The picture says it all, but here’s the quote from RealTime Economics “Fourth Quarter Looking Worse Every Day”:
Yesterday, wholesale inventory numbers came in smaller than expected, prompting economists to revise down fourth-quarter GDP estimates a bit. But a much bigger adjustment is likely in store thanks to today’s data on trade.
The trade deficit for December was wider than anticipated, and economists estimate it will shave up to 0.9 percentage point off of the fourth-quarter number. “These figures were much worse than BEA assumed in preparing the advance fourth quarter GDP estimate,” said Morgan Stanley economist Ted Wieseman, who now expects fourth quarter GDP to be revised down to a 5.2% decline. That figure was in line with other estimates from J.P. Morgan, Macroeconomic Advisers, IHS Global Insight and RDQ Economics, who all expect the number to be around 5%.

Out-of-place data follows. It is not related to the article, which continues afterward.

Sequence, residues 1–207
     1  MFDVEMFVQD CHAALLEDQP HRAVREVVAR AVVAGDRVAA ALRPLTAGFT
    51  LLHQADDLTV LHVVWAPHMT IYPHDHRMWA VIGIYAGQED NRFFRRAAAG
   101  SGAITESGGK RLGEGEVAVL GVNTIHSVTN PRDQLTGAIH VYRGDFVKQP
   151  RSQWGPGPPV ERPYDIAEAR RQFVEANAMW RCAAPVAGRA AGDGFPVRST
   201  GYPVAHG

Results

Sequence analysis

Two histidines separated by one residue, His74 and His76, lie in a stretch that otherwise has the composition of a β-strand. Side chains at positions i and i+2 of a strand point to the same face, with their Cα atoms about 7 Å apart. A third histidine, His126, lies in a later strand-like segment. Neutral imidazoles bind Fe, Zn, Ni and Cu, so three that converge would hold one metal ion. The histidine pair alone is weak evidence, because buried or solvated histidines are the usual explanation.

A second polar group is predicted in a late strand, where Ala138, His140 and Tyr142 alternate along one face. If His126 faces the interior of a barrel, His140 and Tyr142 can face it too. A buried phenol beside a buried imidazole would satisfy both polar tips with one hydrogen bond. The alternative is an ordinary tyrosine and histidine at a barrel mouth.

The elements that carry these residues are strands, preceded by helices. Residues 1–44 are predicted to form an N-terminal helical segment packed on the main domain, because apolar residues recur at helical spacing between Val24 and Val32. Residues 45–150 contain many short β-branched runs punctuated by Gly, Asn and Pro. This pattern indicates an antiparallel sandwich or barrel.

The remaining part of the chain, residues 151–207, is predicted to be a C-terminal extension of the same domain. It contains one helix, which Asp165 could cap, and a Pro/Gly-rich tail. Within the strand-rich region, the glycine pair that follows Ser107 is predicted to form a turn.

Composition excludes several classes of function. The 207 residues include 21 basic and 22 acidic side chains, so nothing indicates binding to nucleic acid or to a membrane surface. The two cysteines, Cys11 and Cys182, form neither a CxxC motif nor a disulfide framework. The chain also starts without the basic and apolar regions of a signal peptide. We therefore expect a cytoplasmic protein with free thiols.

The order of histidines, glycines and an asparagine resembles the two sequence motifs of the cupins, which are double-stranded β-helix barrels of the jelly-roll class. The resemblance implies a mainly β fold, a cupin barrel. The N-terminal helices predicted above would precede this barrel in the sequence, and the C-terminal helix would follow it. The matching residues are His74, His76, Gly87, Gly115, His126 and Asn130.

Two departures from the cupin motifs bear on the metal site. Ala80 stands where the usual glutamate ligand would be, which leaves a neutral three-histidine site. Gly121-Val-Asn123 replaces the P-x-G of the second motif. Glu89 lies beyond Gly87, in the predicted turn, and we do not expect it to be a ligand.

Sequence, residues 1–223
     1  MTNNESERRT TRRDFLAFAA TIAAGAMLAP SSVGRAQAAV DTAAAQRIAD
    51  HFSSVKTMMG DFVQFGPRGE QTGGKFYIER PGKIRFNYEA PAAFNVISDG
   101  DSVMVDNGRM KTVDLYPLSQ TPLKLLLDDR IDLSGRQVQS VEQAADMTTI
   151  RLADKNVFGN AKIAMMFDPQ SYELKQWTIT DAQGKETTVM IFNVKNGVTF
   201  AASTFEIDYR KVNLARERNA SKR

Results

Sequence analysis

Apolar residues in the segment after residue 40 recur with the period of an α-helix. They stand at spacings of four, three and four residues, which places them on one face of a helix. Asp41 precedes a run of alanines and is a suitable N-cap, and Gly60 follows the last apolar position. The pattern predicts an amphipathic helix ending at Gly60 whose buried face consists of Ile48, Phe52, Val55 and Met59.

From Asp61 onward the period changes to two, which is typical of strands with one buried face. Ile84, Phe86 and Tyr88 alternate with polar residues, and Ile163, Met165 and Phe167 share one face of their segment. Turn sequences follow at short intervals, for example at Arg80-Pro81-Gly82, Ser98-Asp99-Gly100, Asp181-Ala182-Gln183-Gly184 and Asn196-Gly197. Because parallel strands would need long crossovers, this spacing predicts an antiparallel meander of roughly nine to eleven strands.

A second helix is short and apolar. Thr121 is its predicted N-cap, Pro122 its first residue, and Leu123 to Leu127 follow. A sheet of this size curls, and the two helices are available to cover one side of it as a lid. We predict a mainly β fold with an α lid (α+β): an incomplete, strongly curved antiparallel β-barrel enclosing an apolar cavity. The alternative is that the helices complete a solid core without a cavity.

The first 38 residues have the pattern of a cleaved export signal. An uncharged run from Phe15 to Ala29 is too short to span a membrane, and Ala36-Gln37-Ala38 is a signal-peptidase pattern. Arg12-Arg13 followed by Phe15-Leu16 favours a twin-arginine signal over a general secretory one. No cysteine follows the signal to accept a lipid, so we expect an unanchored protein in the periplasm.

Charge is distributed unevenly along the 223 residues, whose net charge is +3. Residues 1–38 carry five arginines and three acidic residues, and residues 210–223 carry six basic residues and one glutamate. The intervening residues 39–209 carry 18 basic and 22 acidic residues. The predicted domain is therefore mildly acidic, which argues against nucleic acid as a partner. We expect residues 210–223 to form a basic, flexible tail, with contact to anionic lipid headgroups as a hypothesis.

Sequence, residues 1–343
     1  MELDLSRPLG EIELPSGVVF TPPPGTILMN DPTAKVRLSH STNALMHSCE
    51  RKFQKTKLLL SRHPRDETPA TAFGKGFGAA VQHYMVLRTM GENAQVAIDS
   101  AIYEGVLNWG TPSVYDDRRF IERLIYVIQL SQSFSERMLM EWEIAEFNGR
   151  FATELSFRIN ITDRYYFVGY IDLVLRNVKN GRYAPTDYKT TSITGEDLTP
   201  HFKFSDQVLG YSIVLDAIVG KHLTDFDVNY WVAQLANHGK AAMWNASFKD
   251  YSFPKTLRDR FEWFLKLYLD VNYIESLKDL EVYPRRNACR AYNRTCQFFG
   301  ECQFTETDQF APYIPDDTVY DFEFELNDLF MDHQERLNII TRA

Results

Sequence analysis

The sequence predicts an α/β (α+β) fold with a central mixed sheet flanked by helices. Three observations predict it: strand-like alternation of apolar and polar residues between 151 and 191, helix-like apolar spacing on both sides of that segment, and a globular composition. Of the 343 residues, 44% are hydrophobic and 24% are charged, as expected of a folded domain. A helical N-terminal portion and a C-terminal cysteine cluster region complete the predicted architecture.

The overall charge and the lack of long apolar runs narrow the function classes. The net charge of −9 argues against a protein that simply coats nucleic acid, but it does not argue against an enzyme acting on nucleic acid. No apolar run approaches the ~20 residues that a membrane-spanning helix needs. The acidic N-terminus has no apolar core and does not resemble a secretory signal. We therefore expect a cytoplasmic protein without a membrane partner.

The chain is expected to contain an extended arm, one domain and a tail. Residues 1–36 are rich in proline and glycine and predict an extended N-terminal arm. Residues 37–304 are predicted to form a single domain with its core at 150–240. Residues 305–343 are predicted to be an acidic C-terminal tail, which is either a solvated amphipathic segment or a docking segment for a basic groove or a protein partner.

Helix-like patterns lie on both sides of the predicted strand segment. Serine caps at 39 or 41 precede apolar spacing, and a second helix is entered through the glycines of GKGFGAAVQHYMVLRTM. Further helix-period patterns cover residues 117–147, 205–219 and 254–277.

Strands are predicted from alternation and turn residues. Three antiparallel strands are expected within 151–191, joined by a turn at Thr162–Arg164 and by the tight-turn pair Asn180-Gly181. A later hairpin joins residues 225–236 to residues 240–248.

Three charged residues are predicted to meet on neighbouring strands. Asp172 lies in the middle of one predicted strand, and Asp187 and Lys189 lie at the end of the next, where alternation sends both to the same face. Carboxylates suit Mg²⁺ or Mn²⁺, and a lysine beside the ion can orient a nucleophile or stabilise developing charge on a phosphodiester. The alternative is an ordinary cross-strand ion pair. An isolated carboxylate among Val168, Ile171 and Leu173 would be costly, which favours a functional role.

I’ve just noticed that according the St. Louis Fed’s “Tracking the Recession” webpage, three of the four NBER BCDC series are now at performing as bad or worse than that in the past six recessions. The sole exception is income, which is at the average level recorded in the past six recessions, at 12 months post-peak.
Originally published at Econbrowser and reproduced here with the author’s permission.